Whilst biorefineries are essentially associated with ethanol production, major side- and waste streams are still present in the form of pentose and lignin. These can be used for biogas and energy production, but only to low profitability and environmental benefits. ‘Biorefineries under development today still have too much of a single product focus, essentially placed on fuel and energy. We need to learn from oil refineries, where the 80-20 rule points at the 80 % of income from 20 % volume of high value product or even more,’ says Dr. Gudbrand Rødsrud, Technology Director at Norwegian biorefinery Borregaard, a partner in BIOREFINE-2G. ‘Biorefineries need to top up their product line with high value specialties in addition to the bulk energy carriers.’ To help them do so, the BIOREFINE-2G consortium, which involves eight industrial and academic partners active in biotechnology, spent the past four years developing an entirely new conversion process. Leaving nothing to chance The whole value chain was factored into their research: They characterised side streams from forests and other non-food feedstock; developed genetically-modified Saccharomyces cerevisiae – a species of yeast used in winemaking and brewing – from C5 sugar-rich waste streams; came up with a new process to convert the latter into diacids; and, last but not least, used these diacids to develop new biodegradable bio-based polymers. ‘Our yeast strains have been adapted to be tolerant to harsh environments found in waste streams. They were engineered to use new substrates (xylose) for the production of new products (diacids),’ explains Dr Borodina, Senior Scientist at the University of Denmark and coordinator of BIOREFINE-2G. From there on, the team developed a fumaric acid purification process from fermented lignocellulosic wastes, and achieved a satisfying level of purity for polymer applications. The polymers in question, which the consortium sees as ‘potential substitutes for petroleum-based polymers’, can be converted into commercially-interesting products. Those include partially bio-based thermoplastic polyurethanes (bio-TPUs) used as adhesives and coatings, and polylactide(PLA)-copolymers which can be used as biodegradable packaging plastics. ‘Our biopolymers show improved and special properties, such as biocompatibility for use in medical applications, or reduction of PLA brittleness for packaging,’ enthuses Dr. Amador García Sancho from Aimplas. Towards large-scale production Initially, the project also aimed at conducting scale-up trials, with a scale-up process to be transferred to project partner Borregaard’s demo-plant using its proprietary BALI technology. However, construction has been postponed in light of new priorities. ‘A new source of lignin surfaced recently,’ says Dr Rødsrud. ‘This takes priority over a new BALI plant and serves the same lignin markets. The BALI technology will still be developed further, and development of processes for further valorisation of the lignin streams is ongoing and will continue.’ In the meantime, the consortium has developed a genetic toolbox for industrial S. cerevisiae strains that is being used by academic and industry partners – Dr Borodina is hopeful that the toolbox will help in developing new yeast-based processes for other bio-based chemicals. ‘Markets and potential customers for the polymers developed in BIOREFINE-2G will be investigated. Exploitation options include future patents or the selling of technology to interested partners. Finally, commercialisation opportunities related to our reactive extrusion process for polymer production will be investigated,’ she says.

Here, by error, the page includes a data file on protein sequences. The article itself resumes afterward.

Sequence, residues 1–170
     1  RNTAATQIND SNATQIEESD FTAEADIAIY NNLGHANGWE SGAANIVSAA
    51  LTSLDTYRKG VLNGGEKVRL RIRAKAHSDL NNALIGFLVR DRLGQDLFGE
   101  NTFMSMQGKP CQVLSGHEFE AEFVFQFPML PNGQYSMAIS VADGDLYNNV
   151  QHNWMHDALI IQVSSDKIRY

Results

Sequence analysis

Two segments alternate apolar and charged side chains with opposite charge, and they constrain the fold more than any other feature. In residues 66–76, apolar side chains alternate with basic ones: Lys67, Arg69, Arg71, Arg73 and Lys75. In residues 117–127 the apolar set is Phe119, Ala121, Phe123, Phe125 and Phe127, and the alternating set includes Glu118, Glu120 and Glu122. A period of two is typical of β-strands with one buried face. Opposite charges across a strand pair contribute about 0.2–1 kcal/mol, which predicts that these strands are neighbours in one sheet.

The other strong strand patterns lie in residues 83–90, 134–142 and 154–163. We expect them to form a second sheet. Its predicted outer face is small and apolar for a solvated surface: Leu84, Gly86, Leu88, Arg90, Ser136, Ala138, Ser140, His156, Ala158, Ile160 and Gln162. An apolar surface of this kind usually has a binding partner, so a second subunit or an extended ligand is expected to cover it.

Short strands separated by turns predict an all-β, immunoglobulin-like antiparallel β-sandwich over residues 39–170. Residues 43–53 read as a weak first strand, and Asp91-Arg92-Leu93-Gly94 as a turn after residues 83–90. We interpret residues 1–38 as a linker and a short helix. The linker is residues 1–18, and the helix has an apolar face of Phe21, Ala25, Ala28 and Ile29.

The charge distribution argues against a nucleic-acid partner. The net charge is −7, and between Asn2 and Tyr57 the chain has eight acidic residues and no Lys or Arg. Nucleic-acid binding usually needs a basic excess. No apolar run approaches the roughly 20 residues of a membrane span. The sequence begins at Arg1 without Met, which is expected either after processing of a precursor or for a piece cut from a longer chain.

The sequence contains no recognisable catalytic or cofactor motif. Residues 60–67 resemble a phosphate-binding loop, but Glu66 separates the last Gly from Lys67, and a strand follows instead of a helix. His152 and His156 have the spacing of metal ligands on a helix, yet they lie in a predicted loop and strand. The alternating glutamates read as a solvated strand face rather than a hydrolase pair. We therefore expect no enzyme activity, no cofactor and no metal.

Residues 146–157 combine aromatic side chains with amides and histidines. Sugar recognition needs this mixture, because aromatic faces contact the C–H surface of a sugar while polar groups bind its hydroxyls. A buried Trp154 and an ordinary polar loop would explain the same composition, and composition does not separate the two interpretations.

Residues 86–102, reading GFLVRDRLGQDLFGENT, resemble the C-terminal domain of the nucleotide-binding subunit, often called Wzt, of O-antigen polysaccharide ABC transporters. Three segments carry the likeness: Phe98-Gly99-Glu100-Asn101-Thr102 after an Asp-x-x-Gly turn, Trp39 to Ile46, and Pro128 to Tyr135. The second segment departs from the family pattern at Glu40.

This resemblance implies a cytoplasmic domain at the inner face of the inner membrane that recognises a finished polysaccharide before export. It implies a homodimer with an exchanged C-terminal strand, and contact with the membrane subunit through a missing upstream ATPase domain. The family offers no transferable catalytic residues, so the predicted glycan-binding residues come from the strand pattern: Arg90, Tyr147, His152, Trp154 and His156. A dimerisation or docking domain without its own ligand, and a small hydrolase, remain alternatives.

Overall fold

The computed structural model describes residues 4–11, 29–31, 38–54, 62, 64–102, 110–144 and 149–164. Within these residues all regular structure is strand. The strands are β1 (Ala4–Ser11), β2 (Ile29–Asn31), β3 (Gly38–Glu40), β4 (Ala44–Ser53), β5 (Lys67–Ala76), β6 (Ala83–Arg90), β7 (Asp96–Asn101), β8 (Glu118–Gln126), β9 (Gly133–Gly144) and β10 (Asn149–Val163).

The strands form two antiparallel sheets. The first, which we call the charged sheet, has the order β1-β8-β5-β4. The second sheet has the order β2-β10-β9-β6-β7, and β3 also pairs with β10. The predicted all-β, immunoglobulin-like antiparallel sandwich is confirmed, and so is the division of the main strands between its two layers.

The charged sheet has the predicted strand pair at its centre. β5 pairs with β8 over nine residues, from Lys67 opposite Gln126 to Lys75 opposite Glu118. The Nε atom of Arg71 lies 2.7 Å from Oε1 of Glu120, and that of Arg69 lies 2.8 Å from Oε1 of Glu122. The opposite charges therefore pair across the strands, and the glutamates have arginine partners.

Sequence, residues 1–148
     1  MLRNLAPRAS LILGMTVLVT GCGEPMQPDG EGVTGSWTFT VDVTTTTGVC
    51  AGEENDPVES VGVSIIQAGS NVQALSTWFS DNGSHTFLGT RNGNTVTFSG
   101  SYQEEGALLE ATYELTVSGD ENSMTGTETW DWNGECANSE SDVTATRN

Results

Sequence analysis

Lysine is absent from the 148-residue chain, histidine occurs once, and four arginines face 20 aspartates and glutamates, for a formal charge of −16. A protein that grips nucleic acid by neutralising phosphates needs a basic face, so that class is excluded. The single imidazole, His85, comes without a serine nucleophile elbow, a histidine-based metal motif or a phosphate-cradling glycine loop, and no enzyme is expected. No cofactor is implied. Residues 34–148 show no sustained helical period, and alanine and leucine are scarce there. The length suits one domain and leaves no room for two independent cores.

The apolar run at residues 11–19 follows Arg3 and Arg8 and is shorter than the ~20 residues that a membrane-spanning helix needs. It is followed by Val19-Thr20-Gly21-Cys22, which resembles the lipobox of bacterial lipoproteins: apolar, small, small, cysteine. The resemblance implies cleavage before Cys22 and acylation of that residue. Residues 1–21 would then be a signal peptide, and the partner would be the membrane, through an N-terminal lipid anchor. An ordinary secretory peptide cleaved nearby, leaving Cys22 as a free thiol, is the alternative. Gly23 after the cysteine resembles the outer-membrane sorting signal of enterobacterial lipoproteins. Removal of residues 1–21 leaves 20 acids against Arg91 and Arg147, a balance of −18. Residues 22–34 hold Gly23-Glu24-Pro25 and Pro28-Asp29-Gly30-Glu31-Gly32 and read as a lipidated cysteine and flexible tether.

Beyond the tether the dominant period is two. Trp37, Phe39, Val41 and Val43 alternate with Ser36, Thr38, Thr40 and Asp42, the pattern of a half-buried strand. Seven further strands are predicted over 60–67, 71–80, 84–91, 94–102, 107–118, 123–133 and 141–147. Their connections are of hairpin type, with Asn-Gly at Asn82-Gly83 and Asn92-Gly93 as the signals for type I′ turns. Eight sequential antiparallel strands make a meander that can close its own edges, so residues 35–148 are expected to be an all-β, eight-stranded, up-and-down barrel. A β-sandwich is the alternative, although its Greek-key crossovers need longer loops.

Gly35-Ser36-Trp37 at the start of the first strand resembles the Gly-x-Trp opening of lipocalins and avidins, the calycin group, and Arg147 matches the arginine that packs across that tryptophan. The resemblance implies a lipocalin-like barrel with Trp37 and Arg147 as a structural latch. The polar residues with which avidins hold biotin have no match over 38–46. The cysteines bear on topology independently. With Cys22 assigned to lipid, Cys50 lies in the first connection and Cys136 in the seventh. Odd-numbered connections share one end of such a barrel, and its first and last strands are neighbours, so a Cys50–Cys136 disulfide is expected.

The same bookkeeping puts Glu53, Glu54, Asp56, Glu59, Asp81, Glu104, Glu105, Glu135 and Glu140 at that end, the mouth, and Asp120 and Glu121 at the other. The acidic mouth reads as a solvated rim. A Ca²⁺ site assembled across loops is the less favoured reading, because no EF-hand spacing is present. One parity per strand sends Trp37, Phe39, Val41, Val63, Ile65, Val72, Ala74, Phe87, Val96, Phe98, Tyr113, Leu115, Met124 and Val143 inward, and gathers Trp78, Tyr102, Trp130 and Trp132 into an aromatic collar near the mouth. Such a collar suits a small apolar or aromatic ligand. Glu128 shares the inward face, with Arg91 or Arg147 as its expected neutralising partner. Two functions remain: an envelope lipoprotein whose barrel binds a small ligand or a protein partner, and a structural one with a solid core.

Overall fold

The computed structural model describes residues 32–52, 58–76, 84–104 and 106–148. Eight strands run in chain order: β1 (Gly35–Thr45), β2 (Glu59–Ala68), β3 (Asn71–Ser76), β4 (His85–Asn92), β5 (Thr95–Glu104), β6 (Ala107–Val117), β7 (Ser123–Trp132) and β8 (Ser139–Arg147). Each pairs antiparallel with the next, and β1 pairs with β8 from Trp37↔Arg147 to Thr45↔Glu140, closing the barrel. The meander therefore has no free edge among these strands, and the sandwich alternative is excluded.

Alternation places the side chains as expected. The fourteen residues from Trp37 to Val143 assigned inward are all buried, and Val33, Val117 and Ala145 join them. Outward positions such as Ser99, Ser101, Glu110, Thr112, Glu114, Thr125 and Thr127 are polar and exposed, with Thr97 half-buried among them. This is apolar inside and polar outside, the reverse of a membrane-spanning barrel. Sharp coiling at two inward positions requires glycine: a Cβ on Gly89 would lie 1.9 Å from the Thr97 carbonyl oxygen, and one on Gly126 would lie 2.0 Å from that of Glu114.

BIOREFINE-2G, biopolymers, waste, biorefinery, biotechnology, sugar, diacids, PLA, BALI